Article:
Ingestion of a foreign body unmasks an asymptomatic small bowel carcinoid tumor

  • Yi-Zarn Wang | ywang@lsuhsc.edu Department of Surgery, Louisiana State University Health Sciences Center, New Orleans LA, United States.
  • Patrick Greiffenstein Department of Surgery, Louisiana State University Health Sciences Center, New Orleans LA, United States.

Abstract

Bowel obstruction is a common surgical admission around the world. On the other hand, small intestinal tumors, such as midgut carcinoid, are uncommon neoplasms and an infrequent cause of intestinal obstruction leading to hospitalization. A foreign body is an extremely rare cause of intestinal obstruction and when ingested, foreign bodies most often lodge in the narrowest portion of the gastrointestinal tract. Narrowing of the small bowel due to a neoplasm can prohibit the passage of an accidentally ingested foreign object and produce an obstruction that neither the neoplasm nor the foreign body could have produced alone. We hereby report a case in which an accidentally ingested piece of foreign material leads to the finding of a small, early stage, asymptomatic, midgut carcinoid cancer in the proximal ileum that would have otherwise eluded detection for several years.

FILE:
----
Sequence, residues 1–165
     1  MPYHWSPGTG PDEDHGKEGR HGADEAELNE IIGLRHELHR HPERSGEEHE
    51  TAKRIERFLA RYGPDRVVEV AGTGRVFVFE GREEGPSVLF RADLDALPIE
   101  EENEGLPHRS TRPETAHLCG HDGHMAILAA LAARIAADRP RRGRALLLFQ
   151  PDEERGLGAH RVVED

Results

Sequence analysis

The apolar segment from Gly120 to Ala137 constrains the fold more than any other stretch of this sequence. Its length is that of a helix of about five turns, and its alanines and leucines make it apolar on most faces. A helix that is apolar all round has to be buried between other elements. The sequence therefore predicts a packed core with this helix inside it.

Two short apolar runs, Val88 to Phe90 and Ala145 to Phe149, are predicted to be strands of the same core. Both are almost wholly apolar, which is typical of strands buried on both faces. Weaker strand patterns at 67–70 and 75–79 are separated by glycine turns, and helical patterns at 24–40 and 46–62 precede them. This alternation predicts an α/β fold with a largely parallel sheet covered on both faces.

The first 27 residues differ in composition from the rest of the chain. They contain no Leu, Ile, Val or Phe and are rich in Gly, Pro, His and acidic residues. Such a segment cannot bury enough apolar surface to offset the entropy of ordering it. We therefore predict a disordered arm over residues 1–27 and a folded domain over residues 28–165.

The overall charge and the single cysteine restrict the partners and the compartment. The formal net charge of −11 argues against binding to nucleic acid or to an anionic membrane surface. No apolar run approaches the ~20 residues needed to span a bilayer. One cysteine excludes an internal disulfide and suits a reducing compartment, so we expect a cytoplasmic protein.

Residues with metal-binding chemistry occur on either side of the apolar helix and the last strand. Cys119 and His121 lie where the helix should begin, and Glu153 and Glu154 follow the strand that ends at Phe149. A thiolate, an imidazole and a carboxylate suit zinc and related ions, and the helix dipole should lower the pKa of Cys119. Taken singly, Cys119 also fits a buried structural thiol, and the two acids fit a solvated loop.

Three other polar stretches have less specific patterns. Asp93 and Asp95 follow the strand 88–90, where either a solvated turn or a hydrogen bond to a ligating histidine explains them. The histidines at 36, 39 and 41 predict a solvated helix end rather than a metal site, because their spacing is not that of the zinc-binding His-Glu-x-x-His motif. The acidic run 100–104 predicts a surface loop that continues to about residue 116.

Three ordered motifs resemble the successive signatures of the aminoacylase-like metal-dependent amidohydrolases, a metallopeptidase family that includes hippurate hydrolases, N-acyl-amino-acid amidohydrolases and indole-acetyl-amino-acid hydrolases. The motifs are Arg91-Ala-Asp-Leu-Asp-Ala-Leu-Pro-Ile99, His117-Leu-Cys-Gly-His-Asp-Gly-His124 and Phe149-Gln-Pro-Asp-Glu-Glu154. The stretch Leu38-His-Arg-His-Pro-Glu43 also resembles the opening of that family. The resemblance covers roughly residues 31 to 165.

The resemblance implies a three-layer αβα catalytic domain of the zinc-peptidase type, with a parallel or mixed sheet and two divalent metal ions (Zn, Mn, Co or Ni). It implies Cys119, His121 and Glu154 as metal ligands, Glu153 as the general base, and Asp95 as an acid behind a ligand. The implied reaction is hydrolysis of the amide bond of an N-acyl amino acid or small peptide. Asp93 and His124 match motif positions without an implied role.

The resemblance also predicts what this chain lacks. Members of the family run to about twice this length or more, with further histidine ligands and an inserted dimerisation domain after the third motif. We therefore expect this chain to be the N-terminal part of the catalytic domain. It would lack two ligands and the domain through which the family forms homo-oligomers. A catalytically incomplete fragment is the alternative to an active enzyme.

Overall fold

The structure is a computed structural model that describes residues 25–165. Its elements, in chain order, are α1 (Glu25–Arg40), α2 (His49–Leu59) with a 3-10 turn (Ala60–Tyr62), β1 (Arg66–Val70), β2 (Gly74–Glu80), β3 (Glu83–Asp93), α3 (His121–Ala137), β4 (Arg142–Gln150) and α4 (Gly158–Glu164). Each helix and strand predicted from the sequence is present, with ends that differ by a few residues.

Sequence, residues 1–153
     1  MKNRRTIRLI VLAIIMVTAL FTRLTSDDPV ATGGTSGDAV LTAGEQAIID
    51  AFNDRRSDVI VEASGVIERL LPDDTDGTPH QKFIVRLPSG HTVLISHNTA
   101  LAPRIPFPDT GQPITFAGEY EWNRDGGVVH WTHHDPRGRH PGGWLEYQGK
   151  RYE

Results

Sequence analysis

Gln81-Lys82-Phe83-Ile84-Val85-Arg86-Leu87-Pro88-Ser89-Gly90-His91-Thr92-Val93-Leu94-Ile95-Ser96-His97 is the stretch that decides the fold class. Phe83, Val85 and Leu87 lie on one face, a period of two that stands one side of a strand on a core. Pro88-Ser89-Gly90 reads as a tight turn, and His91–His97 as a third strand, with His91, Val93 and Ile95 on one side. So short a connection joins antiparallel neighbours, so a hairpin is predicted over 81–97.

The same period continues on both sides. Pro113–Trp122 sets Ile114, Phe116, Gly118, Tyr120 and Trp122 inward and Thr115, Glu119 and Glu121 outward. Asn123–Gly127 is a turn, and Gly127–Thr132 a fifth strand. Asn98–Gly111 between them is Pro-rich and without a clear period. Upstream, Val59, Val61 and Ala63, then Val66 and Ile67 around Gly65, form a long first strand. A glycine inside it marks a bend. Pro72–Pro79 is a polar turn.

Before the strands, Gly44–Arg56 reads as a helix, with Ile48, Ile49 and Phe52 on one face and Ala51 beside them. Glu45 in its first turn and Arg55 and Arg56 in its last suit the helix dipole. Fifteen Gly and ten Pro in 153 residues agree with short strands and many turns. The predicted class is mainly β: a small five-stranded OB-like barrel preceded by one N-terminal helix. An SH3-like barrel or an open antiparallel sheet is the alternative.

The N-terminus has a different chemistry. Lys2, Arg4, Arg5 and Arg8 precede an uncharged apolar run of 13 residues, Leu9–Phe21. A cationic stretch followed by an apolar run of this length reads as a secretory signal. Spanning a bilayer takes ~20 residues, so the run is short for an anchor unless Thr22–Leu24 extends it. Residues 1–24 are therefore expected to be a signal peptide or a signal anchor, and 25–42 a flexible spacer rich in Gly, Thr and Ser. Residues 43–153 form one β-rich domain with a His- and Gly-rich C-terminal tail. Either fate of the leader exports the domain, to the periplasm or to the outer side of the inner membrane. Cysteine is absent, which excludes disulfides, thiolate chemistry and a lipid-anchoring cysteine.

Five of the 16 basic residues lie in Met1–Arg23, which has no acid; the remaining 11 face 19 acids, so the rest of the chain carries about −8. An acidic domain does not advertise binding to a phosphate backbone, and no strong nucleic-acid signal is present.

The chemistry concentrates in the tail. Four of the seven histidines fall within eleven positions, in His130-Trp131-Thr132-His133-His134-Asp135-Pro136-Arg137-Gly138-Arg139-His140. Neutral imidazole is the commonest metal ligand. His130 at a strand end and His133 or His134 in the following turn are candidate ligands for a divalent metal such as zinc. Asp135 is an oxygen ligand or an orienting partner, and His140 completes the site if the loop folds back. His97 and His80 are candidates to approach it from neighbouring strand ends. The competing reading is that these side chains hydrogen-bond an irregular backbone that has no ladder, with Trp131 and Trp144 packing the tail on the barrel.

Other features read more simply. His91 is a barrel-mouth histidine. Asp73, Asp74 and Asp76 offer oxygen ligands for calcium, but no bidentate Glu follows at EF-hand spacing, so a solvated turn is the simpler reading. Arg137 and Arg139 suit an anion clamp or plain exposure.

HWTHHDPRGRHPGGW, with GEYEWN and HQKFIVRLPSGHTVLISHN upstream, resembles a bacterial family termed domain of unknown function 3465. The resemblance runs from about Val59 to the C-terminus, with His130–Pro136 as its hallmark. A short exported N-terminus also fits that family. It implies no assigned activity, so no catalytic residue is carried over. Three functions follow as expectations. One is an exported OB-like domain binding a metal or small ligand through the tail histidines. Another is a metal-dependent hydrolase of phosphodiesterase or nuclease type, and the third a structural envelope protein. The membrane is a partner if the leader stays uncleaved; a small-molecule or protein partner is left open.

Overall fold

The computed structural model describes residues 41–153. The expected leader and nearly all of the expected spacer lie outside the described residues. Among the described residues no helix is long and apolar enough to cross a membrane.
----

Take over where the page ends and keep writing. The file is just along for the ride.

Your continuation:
Downloads

Download data is not yet available.
Published
2011-12-30
Section
Case Reports
Keywords:
carcinoid, midgut, gastrointestinal tract.
Statistics
Abstract views: 527

PDF: 293
HTML: 1405
Share it

PlumX Metrics

PlumX Metrics provide insights into the ways people interact with individual pieces of research output (articles, conference proceedings, book chapters, and many more) in the online environment. Examples include, when research is mentioned in the news or is tweeted about. Collectively known as PlumX Metrics, these metrics are divided into five categories to help make sense of the huge amounts of data involved and to enable analysis by comparing like with like.

How to Cite
Wang, Y.-Z., & Greiffenstein, P. (2011). Ingestion of a foreign body unmasks an asymptomatic small bowel carcinoid tumor. Clinics and Practice, 2(1), e2. https://doi.org/10.4081/cp.2012.e2